Lebanon’s progress to cultivate wealth from its offshore oil and gas resources has left us with more questions than answers about the process. While the country will not extract any resources for at least five years, the agreements being negotiated in the next 12 months will determine whether Lebanon gets a good deal or not.
Over the course of five days, seven leading thinkers will discuss different aspects of the resources — from avoiding environmental destruction to a potential war with Israel — each with the aim of helping provoke awareness about what is going on in this crucial period.
For our first segment, Mona Sukkarieh discusses the Petroleum Administration — the six-member body that is tasked with negotiating with international oil companies – and finds some reasons to be positive.
Lebanon’s Petroleum Administration (PA) will play a fundamental role in the country’s oil and gas sector in the coming years as it is tasked with setting the regulation and framework of licensing rounds and negotiating a good deal with international petroleum companies.
It was expected to be established in the first quarter of 2012, but was finally formed in November, with political bickering and a lack of consensus among government parties and factions the main reasons for the delay. But, despite the political meddling that accompanied the formation of the PA and negative predictions of many, initial indications are that it is proving to be a professional and productive body.
After months of delay, the formation of the PA occurred at a time when the legitimacy of Prime Minister Najib Mikati’s government was under pressure following the assassination of Intelligence chief Wissam al-Hassan in Beirut in October. Calls for speeding up the formation of the Administration coincided with demands for a cabinet reshuffle and were supported by an intensive media strategy.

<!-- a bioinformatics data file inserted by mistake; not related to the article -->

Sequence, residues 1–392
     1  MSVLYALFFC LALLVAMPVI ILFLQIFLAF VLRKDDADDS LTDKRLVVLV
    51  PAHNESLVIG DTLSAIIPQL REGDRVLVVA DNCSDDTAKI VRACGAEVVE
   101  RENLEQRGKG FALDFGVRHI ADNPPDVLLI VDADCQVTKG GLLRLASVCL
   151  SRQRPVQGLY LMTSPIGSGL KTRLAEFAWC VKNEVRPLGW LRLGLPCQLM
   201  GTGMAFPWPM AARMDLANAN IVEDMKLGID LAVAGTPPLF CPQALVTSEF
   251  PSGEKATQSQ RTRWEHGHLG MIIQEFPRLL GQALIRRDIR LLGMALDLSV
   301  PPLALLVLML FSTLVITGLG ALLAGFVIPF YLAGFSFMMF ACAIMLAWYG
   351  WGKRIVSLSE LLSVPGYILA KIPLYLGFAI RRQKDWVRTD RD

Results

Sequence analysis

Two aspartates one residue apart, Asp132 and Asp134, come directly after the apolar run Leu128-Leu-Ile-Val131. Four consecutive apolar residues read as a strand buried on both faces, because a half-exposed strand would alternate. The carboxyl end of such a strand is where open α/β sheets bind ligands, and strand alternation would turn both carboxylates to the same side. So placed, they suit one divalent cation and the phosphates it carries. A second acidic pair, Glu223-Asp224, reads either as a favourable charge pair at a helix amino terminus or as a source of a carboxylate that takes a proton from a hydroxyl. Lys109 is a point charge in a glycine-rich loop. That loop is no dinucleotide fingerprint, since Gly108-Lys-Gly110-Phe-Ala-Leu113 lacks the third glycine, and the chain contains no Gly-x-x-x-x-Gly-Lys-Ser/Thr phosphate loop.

At the beginning of November 2012, Lebanese media started reporting extensively on the vast potential for oil and gas reserves in Lebanon. On November 3, 2012, Lebanese daily Assafir quoted Parliament Speaker Nabih Berri as saying Lebanese reserves exceeded previous expectations and surpassed those of other countries in the region, including Israel. On the same day, Energy and Water Minister Gebran Bassil declared roughly the same on LBC’s evening news but was careful to add that it was impossible to confirm the quantity of oil and gas before drilling. On November 5, 2012, Assafir published three separate news items quoting Prime Minister Mikati, Sayyed Hashem Safieddin, head of Hezbollah’s executive council, and former minister and current Amal Movement MP Yassine Jaber, all calling for a rapid formation of the Petroleum Administration. And two days later, the government approved the nomination of the regulatory body’s members. The appointment was not on the cabinet meeting’s agenda that day but was hastily introduced by Bassil during the meeting, without providing fellow cabinet members with the bios and CVs of the six candidates.
The sudden interest in and the rapid formation of the board contrasted with months of unexplained postponement. This suggests that the government was keen on wrapping up the issue ahead of a potential cabinet reshuffle. Lebanese politicians are aware that, in order to get a share of the pie, they must be in office and previous experiences with lucrative sectors – telecommunications for example – serve as reminders that large-scale foreign investments require local facilitators in government who are subsequently well rewarded, both financially and politically.